If you went through the process of introducing the top 9 allergens to your child and found that they have a food allergy (or multiple allergies), you may be wondering what to do. Of course the simple answer is avoid the allergen, but real life is often way more complicated.
Like with many of the food allergy articles I write, I will be focusing on IgE-mediated allergies. Some of the principles will apply to non-IgE mediated allergies, like FPIES, but certain aspects, like reactions may vary.
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You are not alone. It can feel incredibly isolating dealing with a child with a food allergy. While family and friends may be empathetic, it’s hard to truly understand what you’re going through unless you deal with it as well. Luckily, there are many ways to meet other parents of kids with food allergies so that you can find your people.
There are about 1 in 13 kids in the US with a food allergy. This means that in an average classroom, there are 2 kids with an allergy. This number has been on the rise with a 377% increase between 2007 and 2016 (1).
If you can’t find anyone local, there are online forums and support groups that can help you connect with people globally.
Educate Yourself and Your Child
While your child is young, you will be handling the responsibility of managing their allergy, but they will eventually need to take over. Talking about their allergy with them while they are still young so that it becomes a normal part of their life can help make it easier.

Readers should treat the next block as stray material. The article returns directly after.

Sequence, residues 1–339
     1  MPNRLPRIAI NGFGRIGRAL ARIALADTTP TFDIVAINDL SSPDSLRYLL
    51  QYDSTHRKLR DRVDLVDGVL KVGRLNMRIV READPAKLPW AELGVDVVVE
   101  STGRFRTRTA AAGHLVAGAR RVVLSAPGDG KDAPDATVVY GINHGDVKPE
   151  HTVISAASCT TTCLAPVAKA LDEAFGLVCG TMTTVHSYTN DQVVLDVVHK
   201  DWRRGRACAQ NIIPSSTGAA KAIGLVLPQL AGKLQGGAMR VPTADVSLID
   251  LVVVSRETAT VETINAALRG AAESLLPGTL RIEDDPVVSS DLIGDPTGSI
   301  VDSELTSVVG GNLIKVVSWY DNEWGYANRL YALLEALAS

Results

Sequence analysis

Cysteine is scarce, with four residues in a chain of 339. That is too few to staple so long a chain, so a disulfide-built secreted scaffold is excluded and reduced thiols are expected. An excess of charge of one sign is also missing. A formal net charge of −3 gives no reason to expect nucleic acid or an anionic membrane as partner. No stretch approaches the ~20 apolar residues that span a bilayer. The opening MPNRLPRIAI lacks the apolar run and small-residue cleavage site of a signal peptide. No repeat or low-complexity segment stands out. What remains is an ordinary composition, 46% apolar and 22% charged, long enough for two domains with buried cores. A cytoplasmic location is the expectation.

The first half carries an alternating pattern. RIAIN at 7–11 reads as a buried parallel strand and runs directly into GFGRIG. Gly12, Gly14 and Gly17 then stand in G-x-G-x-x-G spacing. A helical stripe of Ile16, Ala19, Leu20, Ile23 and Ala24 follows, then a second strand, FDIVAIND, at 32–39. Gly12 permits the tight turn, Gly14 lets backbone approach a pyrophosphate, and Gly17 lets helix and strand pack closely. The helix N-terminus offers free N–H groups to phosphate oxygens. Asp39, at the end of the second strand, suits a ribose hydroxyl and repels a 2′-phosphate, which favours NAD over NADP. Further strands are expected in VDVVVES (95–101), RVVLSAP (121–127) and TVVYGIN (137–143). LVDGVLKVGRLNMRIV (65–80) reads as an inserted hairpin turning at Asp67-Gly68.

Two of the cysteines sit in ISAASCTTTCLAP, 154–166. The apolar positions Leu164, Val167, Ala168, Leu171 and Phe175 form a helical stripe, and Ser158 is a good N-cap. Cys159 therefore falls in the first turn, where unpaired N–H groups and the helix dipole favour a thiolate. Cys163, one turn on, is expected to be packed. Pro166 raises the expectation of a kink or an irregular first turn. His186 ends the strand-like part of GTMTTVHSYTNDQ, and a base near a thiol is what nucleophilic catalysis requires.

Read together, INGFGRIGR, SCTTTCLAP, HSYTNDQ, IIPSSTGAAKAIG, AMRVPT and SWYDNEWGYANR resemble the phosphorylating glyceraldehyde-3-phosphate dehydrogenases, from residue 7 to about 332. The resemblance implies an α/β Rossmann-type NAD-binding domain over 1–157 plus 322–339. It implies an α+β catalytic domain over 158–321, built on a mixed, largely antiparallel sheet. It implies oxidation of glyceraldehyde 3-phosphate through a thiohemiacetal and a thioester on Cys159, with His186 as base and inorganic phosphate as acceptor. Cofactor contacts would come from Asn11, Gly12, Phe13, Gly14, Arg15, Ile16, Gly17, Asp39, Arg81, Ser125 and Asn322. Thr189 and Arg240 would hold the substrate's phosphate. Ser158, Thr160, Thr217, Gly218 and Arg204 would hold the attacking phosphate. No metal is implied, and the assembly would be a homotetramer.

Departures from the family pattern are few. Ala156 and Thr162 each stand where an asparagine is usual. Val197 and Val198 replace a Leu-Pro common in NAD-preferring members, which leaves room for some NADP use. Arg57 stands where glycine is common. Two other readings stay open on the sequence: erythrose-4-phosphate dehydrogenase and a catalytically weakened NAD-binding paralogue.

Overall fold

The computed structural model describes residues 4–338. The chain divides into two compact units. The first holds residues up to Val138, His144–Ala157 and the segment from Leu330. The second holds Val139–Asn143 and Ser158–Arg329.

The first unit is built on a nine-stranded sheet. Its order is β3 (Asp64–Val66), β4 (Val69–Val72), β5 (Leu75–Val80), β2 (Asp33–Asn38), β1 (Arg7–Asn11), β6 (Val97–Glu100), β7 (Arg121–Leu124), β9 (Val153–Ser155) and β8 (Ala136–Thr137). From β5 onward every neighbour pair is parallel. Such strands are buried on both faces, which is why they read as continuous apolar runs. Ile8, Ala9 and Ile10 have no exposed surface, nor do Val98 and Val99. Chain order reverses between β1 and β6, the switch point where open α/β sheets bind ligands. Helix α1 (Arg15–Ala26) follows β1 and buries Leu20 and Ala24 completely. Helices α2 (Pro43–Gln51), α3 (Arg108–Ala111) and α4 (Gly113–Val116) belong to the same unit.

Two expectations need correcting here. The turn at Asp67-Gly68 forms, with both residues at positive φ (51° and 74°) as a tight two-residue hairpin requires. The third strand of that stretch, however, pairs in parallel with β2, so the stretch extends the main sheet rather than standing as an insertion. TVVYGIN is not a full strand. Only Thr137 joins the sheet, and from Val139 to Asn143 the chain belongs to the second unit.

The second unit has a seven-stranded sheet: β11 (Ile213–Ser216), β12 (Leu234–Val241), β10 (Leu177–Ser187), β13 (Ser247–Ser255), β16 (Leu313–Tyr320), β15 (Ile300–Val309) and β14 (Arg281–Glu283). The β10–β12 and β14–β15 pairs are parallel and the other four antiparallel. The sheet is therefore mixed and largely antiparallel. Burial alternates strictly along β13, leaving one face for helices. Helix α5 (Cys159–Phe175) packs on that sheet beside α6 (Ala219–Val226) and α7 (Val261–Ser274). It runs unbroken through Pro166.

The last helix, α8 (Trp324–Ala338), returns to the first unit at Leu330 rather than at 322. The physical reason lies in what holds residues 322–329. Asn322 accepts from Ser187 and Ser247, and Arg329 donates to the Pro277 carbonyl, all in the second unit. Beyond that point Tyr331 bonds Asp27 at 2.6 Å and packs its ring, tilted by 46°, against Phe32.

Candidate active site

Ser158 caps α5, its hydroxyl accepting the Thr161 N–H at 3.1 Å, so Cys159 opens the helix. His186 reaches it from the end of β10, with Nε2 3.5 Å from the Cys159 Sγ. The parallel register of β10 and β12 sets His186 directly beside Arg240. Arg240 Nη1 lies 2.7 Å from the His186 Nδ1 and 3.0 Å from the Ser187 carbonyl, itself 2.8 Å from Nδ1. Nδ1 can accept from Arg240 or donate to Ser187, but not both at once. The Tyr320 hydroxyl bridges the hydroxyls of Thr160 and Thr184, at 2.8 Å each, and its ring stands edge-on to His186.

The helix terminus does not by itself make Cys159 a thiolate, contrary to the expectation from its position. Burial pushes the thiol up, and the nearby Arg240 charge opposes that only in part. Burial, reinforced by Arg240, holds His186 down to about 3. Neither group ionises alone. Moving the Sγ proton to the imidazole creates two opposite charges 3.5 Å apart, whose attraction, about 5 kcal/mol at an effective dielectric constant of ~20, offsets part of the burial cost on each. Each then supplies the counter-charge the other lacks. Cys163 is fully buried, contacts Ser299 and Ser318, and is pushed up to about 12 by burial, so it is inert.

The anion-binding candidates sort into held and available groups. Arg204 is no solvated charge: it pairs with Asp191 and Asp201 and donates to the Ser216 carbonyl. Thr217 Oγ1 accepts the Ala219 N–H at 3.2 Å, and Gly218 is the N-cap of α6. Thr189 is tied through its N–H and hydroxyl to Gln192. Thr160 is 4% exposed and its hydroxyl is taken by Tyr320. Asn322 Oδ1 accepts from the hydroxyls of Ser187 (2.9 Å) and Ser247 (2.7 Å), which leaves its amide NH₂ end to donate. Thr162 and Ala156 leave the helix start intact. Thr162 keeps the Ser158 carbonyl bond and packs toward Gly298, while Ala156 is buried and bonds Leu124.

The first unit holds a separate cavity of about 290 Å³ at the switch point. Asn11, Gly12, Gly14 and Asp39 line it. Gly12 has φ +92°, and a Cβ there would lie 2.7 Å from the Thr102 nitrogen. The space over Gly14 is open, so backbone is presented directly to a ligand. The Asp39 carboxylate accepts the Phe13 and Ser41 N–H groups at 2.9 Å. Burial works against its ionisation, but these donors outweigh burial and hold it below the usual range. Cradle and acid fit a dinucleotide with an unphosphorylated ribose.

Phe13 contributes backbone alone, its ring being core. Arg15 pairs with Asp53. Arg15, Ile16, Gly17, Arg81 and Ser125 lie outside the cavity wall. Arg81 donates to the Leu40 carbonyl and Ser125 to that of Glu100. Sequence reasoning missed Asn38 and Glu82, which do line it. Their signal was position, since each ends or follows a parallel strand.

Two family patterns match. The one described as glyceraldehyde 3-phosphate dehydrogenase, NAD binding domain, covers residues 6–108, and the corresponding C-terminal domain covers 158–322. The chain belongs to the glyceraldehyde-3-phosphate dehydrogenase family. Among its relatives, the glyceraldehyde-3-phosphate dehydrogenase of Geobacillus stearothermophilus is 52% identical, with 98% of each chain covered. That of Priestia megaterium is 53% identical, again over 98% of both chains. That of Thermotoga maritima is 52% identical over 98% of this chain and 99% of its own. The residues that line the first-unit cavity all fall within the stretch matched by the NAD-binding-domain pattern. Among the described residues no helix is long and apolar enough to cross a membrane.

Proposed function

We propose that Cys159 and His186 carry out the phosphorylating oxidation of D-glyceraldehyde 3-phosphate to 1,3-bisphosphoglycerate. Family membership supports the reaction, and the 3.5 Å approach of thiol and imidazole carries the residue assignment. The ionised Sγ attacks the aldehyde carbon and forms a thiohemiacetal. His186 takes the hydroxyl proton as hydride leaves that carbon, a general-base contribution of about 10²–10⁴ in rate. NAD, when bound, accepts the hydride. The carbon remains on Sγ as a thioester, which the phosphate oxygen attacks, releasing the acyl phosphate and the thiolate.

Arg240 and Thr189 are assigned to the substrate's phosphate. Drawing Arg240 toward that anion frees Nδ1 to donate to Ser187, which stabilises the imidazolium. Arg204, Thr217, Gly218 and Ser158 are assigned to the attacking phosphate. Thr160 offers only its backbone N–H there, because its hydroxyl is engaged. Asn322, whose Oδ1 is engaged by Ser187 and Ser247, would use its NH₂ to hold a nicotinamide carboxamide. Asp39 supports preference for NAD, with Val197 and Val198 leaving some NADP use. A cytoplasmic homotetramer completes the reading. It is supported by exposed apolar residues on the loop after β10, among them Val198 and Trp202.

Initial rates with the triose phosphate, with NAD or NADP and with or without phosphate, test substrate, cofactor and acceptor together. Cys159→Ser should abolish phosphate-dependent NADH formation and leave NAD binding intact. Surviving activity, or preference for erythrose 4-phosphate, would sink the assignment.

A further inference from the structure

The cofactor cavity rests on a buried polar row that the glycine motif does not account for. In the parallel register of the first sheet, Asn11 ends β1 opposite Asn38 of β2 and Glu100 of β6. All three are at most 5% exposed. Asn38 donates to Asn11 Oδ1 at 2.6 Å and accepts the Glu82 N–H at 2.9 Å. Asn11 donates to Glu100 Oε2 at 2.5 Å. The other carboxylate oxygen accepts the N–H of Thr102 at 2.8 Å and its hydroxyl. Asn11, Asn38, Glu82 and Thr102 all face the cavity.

Read up on your child’s specific allergen. Learn what foods it can be in and where it can be hidden. Sometimes foods can be found where you wouldn’t expect them, like peanuts can be found in gardening mulch. You can search through my site for information of each of the top 9 allergens.
Teach your child not to accept food from other people. They should understand that certain foods can make them sick. Teach them how to describe a reaction and ask for help. Often kids will use language like “it feels like spiders are crawling on me” to indicate hives. Other adults may not know what that means. Teach your child to state clearly that they are having an allergic reaction and need help.
There is an episode of Daniel Tiger regarding an allergy to peanuts which can help younger children understand food allergies. This can be helpful for siblings of children with food allergies as well.
Avoid the Allergen
As I mentioned previously, this is easier said than done. You will need to carefully read food labels, avoid cross contact, and make sure that everyone preparing food for your child does the same.
Reading Food Labels